The webinar above outlines a daily schedule in more detail, but here is a synopsis:
After reviewing the sounds/letters that have been previously taught (see "grade one daily schedule/slides above for details), I would introduce a new pattern (or reinforce a previously learned pattern that needs review) to the WHOLE GROUP.
Let's use "ar" as an example:
Say several words and guess the "sound of the day" (e.g., star, cart, march);
Trace the spelling pattern 3x (on a white board, blackboard that has red electrical tape for the top and bottom lines) (e.g., trace the letters and say "a" "r"; trace the letters again and say "car"; trace the letters again and say /ar/);
Build some words with magnetic letters on the board, or use popsicle sticks with letters at the top so each child can build their own words (e.g., car, far, bark, chart, shark) ("ar" would go on one stick). And then, “change (car) to (tar)” etc…
Tap the sounds in about 5-8 words using blocks/buttons/cubes (with red for the vowel pattern) or on their fingers (e.g., /t/ar/, /sh/ar/k, /b/ar/k);
Tap again, but this time say the letter NAMES that match the sounds;
Print the word and say the letter names as they print; (see webinar above for details about what all of this looks like).
Students go back to their seats. Dictate 3-5 sentences for them to print (using /ar/words, plus only previously learned patterns).
Have them work with peers to edit these sentences.
Another large group activity would be "Interactive Writing" (which is a specific instructional technique that has been highly studied with good results). It is my understanding that this is a very effective use of time. A student's writing is a window into their phonemic awareness, phonics, and language comprehension soul!
3. GROW Centres: While working with small groups (e.g., doing phonemic awareness activities, sound-spelling activities, reading, and assessments, etc.), the rest of the students would go to GROW centres (Game; Read (with partner, with other adults or older students, or listen to audiobook; Or Write (about topic from morning discussion) TO REINFORCE and PRACTICE reading/spelling patterns that they have already learned.
Games would be the SAME GAMES every week - just using different spelling patterns. No need to explain instructions, no chaos. Fun! Everyone knows what to do. Engaging games get them reading LOTS of words that contain the new pattern they are learning, along with previously taught patterns. Different students would be working on different spelling patterns.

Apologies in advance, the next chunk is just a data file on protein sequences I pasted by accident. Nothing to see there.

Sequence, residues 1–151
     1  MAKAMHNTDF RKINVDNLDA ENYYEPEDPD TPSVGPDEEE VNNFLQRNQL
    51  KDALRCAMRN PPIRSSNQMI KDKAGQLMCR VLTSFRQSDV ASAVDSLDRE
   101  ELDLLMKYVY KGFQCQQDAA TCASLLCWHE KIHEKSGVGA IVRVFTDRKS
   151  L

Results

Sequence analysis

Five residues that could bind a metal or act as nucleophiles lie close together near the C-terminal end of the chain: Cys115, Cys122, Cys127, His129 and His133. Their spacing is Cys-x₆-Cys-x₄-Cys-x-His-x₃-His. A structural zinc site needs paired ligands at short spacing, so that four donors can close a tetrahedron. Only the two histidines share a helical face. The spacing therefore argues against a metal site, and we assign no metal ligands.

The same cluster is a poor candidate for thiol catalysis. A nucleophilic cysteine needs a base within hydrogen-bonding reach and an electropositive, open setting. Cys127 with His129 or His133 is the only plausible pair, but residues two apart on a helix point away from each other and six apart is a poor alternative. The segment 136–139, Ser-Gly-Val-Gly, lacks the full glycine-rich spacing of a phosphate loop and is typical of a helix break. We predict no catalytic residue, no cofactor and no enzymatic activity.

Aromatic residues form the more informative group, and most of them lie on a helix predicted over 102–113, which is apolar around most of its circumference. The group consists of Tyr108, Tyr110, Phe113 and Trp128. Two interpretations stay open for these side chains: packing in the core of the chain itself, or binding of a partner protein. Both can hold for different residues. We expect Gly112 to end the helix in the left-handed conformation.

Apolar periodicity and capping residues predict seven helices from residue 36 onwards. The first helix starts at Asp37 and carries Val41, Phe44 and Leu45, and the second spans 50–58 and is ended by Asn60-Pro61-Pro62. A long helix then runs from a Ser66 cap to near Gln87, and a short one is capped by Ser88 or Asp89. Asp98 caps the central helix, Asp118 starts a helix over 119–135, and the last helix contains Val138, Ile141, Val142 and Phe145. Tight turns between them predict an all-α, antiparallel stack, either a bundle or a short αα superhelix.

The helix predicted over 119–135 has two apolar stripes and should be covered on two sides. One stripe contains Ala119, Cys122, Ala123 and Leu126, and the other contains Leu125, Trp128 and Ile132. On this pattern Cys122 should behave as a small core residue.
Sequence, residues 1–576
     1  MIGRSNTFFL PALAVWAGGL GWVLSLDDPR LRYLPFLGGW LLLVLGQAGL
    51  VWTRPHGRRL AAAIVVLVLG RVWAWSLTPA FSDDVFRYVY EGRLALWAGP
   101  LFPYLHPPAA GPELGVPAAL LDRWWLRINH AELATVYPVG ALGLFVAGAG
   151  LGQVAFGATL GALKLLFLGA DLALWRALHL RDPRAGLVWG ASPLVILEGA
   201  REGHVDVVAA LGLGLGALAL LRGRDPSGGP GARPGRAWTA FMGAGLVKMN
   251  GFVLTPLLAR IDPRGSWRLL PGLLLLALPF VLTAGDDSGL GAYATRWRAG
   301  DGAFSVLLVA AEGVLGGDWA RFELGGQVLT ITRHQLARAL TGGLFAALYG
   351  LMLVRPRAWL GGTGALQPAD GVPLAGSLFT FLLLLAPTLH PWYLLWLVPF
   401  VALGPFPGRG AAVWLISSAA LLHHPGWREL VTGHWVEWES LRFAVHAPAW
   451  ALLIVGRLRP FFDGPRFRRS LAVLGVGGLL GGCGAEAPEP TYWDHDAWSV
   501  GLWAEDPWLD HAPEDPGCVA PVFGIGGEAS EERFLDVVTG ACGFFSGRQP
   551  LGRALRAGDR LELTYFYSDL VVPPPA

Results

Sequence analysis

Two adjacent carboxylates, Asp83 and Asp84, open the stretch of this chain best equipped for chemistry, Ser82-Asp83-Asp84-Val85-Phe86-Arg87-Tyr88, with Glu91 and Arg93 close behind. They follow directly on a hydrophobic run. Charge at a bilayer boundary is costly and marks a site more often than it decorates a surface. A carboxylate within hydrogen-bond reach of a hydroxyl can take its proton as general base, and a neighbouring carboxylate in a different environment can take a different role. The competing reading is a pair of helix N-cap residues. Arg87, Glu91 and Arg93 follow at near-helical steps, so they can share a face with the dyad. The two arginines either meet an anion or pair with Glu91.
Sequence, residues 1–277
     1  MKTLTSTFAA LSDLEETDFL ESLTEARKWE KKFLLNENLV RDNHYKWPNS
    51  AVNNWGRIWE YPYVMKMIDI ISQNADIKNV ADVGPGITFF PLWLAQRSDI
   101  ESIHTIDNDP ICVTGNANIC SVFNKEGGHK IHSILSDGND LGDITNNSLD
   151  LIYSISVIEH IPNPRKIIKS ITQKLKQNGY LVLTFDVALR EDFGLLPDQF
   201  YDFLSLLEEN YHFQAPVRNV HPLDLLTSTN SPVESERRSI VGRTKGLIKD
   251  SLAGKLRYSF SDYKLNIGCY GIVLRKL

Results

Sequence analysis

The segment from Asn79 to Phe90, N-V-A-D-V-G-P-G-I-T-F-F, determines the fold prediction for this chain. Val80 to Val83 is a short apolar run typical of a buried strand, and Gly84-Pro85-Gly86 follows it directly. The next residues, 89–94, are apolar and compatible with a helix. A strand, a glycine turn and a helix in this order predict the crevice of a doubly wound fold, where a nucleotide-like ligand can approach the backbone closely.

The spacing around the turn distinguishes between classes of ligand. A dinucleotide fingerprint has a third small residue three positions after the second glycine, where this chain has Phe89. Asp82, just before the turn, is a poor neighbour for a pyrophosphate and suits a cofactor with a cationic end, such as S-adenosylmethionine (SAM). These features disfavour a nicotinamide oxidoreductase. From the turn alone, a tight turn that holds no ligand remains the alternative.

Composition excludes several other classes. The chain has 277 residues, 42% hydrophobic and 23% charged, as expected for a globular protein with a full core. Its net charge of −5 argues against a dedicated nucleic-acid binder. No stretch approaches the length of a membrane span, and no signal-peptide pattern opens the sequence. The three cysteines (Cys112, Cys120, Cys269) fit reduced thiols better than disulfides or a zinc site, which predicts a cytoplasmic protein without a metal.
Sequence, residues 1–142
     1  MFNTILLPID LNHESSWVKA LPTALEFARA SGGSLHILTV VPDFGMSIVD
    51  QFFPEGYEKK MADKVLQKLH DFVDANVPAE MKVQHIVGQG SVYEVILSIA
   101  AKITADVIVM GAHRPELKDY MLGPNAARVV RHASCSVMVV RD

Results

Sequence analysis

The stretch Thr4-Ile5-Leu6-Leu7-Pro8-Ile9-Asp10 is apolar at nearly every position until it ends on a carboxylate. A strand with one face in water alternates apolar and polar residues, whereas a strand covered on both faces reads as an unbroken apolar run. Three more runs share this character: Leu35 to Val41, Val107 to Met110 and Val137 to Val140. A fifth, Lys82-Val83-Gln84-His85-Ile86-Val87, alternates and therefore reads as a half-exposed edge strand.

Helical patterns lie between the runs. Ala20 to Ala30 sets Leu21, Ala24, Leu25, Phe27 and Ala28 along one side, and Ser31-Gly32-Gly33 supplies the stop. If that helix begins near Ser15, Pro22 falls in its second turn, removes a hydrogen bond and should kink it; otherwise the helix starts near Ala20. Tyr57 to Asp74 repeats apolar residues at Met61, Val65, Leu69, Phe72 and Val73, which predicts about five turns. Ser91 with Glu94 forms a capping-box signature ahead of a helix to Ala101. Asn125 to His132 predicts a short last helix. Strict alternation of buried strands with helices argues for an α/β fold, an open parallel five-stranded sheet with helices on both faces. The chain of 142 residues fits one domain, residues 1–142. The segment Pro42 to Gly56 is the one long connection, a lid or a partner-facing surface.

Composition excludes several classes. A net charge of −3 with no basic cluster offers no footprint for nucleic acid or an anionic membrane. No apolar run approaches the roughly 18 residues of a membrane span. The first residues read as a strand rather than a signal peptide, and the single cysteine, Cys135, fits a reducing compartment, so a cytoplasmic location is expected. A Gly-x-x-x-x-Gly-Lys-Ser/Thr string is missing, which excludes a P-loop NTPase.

Mondays: Board Games
Tuesdays: BINGO Games
Wednesdays: BOOM Games
Thursdays: Roll & Read Games
Fridays: Card Games
Videos to explain all of this are available HERE: https://www.soundreaders.ca/training
And all of the games for cvc words can be purchased ready-made at SoundReaders.com.
After playing a game, students could then read books to each other and/or listen to audiobooks using audio from Epic! They could also write about the morning discussion topic. And most importantly, they need lots of practice reading these words in text, so utilize any and all adults to help you (including older students). Be sure to show them how to help and what to say when students get stuck on words.
4. Reading Aloud. Again, as oral language is so critical to later reading and scholastic achievement, I would read aloud beautiful, stimulating, content-rich, high-quality children's literature to round off the morning (and afternoon!). I would nurture children's critical and creative thinking skills by asking questions like "What do you see?"; "What do you think?"; "Why do you think...?"; "Who do you think...?"; "What are you curious about?". I would make comments like, "I wonder if..." and "I wonder why...?". I would follow their lead, explain new words, and nurture a stimulating discussion - paying close attention to the children who require extra time and attention to express what they know.
Penfold, A. (2018). [Digital Image] Retrieved from: https://www.goodreads.com/book/show/36959643-all-are-welcome
In the end, students need lots and lots and lots of practice writing and reading real text that reinforces the spelling patterns they are learning (plus previously taught patterns). So much of what they are learning in their literacy block can also be reinforced in their science and social studies and math blocks. The Knowledge Gap (Natalie Wexler) is a MUST READ to understand how building knowledge is the key to later reading achievement.
In grade one, it is also critical to gather as many parents, older students, and other volunteers as possible to listen to students read and practice sounding out unknown words using the spelling pattern knowledge they have been taught. Between this, a focus on comprehension and fluency, writing, and listening to (and responding to) good quality children's literature (including literature that builds knowledge), I think it lays a solid foundation for access to, curiosity about, and motivation to pursue a lifetime of content knowledge.
And as the old adage goes - knowledge brings pleasure. :)
Eccles, M.P., Mittman, B.S. Welcome to Implementation Science . Implementation Sci1, 1 (2006). https://doi.org/10.1186/1748-5908-1-1
Wilson, B.A., & Duda, M.A. (2018). Theme editors’ introduction: The art and science of implementation. Perspectives on Language and Literacy, 44(4), 7-9.
Science of Reading: The Podcast (2022). S6 E3: Focused Implementation: Doing less to do more with Dr. Doug Reeves. Retrieved from https://www.buzzsprout.com/612361/11416051